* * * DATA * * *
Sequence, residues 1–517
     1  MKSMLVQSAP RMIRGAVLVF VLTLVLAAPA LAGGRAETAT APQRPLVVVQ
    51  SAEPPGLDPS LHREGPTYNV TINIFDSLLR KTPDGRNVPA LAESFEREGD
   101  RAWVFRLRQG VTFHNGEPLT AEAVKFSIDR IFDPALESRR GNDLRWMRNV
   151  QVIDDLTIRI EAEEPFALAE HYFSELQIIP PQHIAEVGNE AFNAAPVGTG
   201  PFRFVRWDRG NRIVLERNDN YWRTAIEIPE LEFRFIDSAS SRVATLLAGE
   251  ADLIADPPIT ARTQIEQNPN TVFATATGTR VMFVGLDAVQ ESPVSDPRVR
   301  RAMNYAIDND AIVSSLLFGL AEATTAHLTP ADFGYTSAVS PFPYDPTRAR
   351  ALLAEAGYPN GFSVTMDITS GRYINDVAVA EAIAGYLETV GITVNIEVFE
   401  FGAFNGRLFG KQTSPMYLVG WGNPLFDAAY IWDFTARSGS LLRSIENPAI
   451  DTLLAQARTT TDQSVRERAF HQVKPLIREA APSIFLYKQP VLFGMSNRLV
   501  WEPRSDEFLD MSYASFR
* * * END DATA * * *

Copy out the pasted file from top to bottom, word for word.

Sequence, residues 1–517
     1  MKSMLVQSAP RMIRGAVLVF VLTLVLAAPA LAGGRAETAT APQRPLVVVQ
    51  SAEPPGLDPS LHREGPTYNV TINIFDSLLR KTPDGRNVPA LAESFEREGD
   101  RAWVFRLRQG VTFHNGEPLT AEAVKFSIDR IFDPALESRR GNDLRWMRNV
   151  QVIDDLTIRI EAEEPFALAE HYFSELQIIP PQHIAEVGNE AFNAAPVGTG
   201  PFRFVRWDRG NRIVLERNDN YWRTAIEIPE LEFRFIDSAS SRVATLLAGE
   251  ADLIADPPIT ARTQIEQNPN TVFATATGTR VMFVGLDAVQ ESPVSDPRVR
   301  RAMNYAIDND AIVSSLLFGL AEATTAHLTP ADFGYTSAVS PFPYDPTRAR
   351  ALLAEAGYPN GFSVTMDITS GRYINDVAVA EAIAGYLETV GITVNIEVFE
   401  FGAFNGRLFG KQTSPMYLVG WGNPLFDAAY IWDFTARSGS LLRSIENPAI
   451  DTLLAQARTT TDQSVRERAF HQVKPLIREA APSIFLYKQP VLFGMSNRLV
   501  WEPRSDEFLD MSYASFR